AHK Policy Barometer
The Government Affairs & Advocacy team creates the quarterly Policy Barometer, which provides updates on current economic policies. It highlights the status quo of relevant policies, such as the State Council's 24-point-paper and cross-border data transfer, while also offering AHK Greater China's perspective. The Policy Barometer also outlines essential tools and additional resources that German companies should be aware of and provides updates on AHK Greater China's advocacy efforts regarding China's economic policies. The Policy Barometer is shared via email with members of the German Chamber of Commerce in China.
AHK Policy Barometer
The Policy Barometer gives quarterly updates on current economic policy topics. It checks in with the sentiment of German companies, shares AHK's perspective on it, highlights our advocacy efforts with the German and Chinese governments and introduces our practical tools.
AHK Greater China Policy Barometer vol. 4/2023
Read our quarterly Policy Barometer for insights on how German companies deal with economic policy issues and discover practical tools. This is a shortened version; members receive the full version via email.
Central Economic Work Conference
Status Quo: The annual central economic work conference just took place this week. This conference sets guidelines for the direction of the government’s economic work in the coming year. In 2024, as compared to 2023, technological progress will be prioritized over domestic consumption and progress over stability.
Pulse Check: Strengthening domestic consumption tops the wishlist of German companies towards the Chinese government. While consumption is still high on the agenda, the focus is even more on strengthening China’s technological edge. In an ever more competitive environment with stronger support for domestic technology companies, a level playing field becomes even more important for foreign companies operating in the Chinese market.
24-Points Policy Check-up
Status Quo: In August, the State Council released the 24-points policy for foreign investment. Since then, we have seen some action from different ministries and administrations, such as a document on unequal treatment, an extension of the IIT allowance for foreigners, exceptions on cross-border data transfer management (draft), Q&As on standardization and more.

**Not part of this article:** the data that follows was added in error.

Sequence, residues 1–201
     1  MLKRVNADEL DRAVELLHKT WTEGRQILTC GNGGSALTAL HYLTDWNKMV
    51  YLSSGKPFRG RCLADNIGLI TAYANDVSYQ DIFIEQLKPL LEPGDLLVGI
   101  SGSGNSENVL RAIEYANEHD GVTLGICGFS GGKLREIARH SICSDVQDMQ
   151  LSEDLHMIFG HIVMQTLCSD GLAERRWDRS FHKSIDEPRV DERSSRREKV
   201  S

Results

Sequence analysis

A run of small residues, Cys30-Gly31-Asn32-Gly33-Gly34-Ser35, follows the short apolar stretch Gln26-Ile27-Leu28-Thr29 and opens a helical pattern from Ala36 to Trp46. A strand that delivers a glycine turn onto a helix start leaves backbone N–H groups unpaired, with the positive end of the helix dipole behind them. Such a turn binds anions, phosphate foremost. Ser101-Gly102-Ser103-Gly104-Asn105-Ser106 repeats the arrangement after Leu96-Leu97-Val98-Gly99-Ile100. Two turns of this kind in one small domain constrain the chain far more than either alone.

Pulse Check: The documents released after the 24-points policy has been well received by quite some companies, especially the rather specific examples in the unequal treatment document and the cross-border data transfer management draft. However, companies remain sceptical about real outcomes.
Status Quo: The first in-person high level meeting since 2019 took place in the year of the 20th anniversary of the comprehensive strategic partnership between China and the EU. Beijing appears not to have deviated from this standpoint while the EU refers to the three-fold concept of partner, competitor, and systematic rival, and emphasizes “De-risking”.
Pulse Check: Mainly in response to geopolitical tensions, approximately 50% of companies have taken steps to mitigate their risk associated with their China business. Building up China independent supply chains serving different markets and additional operations in other countries are one of the main “De-risking” strategies.
Cross-Border Data Transfer
Status Quo: CAC has opened a public consultation on the regulations for standardizing and promoting cross-border data transfer which ended on October 15. The draft regulation proposes further clarifications and refinements of the existing policies on cross-border data transfer, e.g. the exemptions regarding the transfer of HR data, more information about the usage of the term “important data”.
Pulse Check: German companies still encounter uncertainties in cross-border data transfer as the final draft is not released yet. As a result, some companies have filed too many data while others are left uncertain on how to proceed.
Supply Chain Law
Status Quo: On January 1st, 2024, the German Act on Corporate Due Diligence Obligations in Supply Chains (LkSG) will come into full force. From then on, also companies with more than 1,000 employees in Germany need to fulfil due diligence obligations. On EU-level, the ‘trialogue negotiations’ between the EU Parliament, the Member States and the Commission are continuing. Originally it was planned to finish the negotiations in 2023. After it comes into force, member states have two years to implement the directive into national law.
Pulse Check: More than one third of German companies still face challenges when implementing the law. Often there are unclarities of the requirements coming from the Headquarters or challenges with on-site checkups at suppliers.